A Book Published: Year One

Today, March 29, 2013 is the one-year anniversary of my debut novel.  It’s on sale at Amazon for a mere $2.99.  Click here!

Yeah, it’s been a year.  In that time, it’s been quite the ride.  Here are some things that struck me as I looked back.  Exhausting.  Overwhelming.   And in bullet points, for your viewing pleasure.


Bullet points of having a book published. Year one.

  • The joy of a book I can no longer revise.zNPFrontLrgCover
  • The horror of a book I can no longer revise.
  • The bliss of handselling.
  • The horror of handselling.
  • How online hours marketing eats away at my soul, a little bit at a time.
  • How wonderful it is to have strangers read my book and give their honest opinion on Goodreads.
  • The horror of strangers reading my book and their damn opinions.
  • I’m not sure I’ll ever get tired of people saying they cried while reading my words. I must’ve done something right.
  • Most people celebrated my book and my accomplishment. Most people, but not all.
  • Everyone likes a celebrity, even minor ones.
  • Having a book out in the world is better than having a book alone in a basement.
  • The terror of sitting at signing tables with authors who are much more talented, much more accomplished, much more popular than I’ll ever be.
  • Seeing the flash in someone’s eyes. “You’ve written a book. Really?”
  • Hearing about people praising you behind your back. Thank you, Colorado Springs.
  • Getting calls out of the blue, “Would you like to come talk at our book club?” Would I? Do you even know who you’re talking to?
  • The sad fact that I can’t write all the books I wanna write. Not enough time. Too much to do.
  • Seeing my name, with an ISBN, on a novel that actual people are going to actually read.
  • Reading my words at a book event, and loving them because I’d spent years and buckets of sweat to bring them out and shape them just so.
  • Two words: Tax deductible. I thought I had five years for my fiction writing business to be profitable. Turns out, I can pour money into this venture for decades. I keep telling my friends, “I’m going to write until the money is gone.”
  • If nothing else, when I die, I will leave a book behind. Not only a book, a book that is uniquely me. A love story with angels, demons, drug addicts, and atheists. That’s my book. That’s me.
  • The game has changed. I can’t go back. More than that, I don’t wanna go back. I will write books and publish books until I die. And if all goes well, even after I take that short walk home.

zSAM_2815 Happy Birthday, Never Prayer!  Want to give this little baby the perfect gift?  The ebook on Amazon.  Hurray!


My Sales Numbers

I found something more cutting and disheartening than getting rejection from literary agents. My book sales numbers. I just got my Q2 numbers back and yeah, um, not the fly-off-the-shelf numbers I would have liked to see. At first, I was laid low. But then, I got some perspective. Very few authors are ever going to get the Harry-Potter-Twilight experience. Very few even get the midlist, big-publishing house experience. Most writers write a book, several hundred people read it, and ten minutes later it’s at the Goodwill for 10 cents.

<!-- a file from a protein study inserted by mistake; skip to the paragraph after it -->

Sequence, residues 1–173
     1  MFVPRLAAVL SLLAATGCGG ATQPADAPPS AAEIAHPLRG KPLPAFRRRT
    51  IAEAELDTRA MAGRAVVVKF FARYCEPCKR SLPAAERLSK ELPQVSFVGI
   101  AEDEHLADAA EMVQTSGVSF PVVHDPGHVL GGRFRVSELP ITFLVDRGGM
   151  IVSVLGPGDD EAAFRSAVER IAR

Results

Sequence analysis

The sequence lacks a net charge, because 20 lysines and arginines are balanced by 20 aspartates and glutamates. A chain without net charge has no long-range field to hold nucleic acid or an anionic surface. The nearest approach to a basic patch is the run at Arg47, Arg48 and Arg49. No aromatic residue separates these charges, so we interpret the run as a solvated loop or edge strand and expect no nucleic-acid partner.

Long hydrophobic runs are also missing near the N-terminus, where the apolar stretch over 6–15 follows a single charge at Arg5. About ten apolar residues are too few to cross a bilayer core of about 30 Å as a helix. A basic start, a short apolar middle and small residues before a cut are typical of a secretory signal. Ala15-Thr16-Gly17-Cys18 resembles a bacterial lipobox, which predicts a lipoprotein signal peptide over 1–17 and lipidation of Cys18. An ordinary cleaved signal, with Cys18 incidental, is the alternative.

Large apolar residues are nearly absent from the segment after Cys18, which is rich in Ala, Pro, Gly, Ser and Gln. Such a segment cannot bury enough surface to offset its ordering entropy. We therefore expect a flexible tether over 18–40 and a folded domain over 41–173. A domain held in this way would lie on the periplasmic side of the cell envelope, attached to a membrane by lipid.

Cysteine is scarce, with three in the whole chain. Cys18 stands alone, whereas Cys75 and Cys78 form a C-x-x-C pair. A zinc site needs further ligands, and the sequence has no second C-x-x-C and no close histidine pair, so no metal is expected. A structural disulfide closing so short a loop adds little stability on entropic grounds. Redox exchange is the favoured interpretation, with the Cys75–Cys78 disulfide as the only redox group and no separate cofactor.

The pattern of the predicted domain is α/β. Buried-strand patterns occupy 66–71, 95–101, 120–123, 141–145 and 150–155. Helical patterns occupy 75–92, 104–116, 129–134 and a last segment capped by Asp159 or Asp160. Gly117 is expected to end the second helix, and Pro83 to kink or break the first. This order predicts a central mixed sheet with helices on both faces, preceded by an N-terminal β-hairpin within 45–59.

However, instead of getting a dozen donuts and watching Buffy The Vampire Slayer, I went mountain biking. And I haven’t mountain biked in months. So there I was, huffing and sweating and puffing and cursing the mile I rode up the mountain, climbing, climbing, climbing, when a walker came by and I stopped, er collapsed, to let him walk by. And we had a typical exchange.

Walker: Hard work, huh?
Me: Yeah. Brutal, but fun.
Walker: Good for you though.

He went on by, I clipped into my pedals and continued the climb and it struck me; the writing game is good for me. All life is a struggle. That’s one of the themes in my novel, The Never Prayer. Maybe you are one of the lucky hundred to have read it.

All life is struggle, and me struggling in the writing game is valuable to me, to those around me, to other writers. It’s brutal fun. And it’s good for me.

The story doesn’t end there. So I’ve been watching a lot of House M.D. I’m struggling through season 8 to get to the finale and God only knows why they didn’t keep House in prison for half the season. House in prison was delicious.

So while I’m biking, I’m conceding that the writing game is good for my psyche, however painful and however much of a struggle it is, and I think about House M.D. and happiness. House believes that only people who lie to themselves can be happy. That life is inherently too difficult to be enjoyed.

That may or may not be the case. However, having a dream, having a goal, believing the lie that maybe, maybe I’ll be one of the lucky writers to break through and make it, well, it keeps me going. It doesn’t keep me happy, but in the better moments, it keeps me satisfied.

And maybe satisfaction is enough no matter what my numbers are.

Mondays are Hell – A Demon ate my Blog Post

Um, well, I was going to have a huge blog post today, or I was going to link to another site where I was guest blogging, or I expected the zombie apocalypse, but that all didn’t happen.  So, world, this is my blog post today.

My wife is out of town, and I have to get my kids ready for school.  That, in some circles, is considered hell.  But the trick to life is enjoying what you are doing, when you are doing it.

Cover me.  I’m going in.

THIS JUST IN!!!  My guest blogging chance came through!  My kids are at school and life is good!

You wanna see me get contrary?  Click here!  http://crescentmoonpress.com/blog/

Get Off Me! Don’t Tell Me What To Read!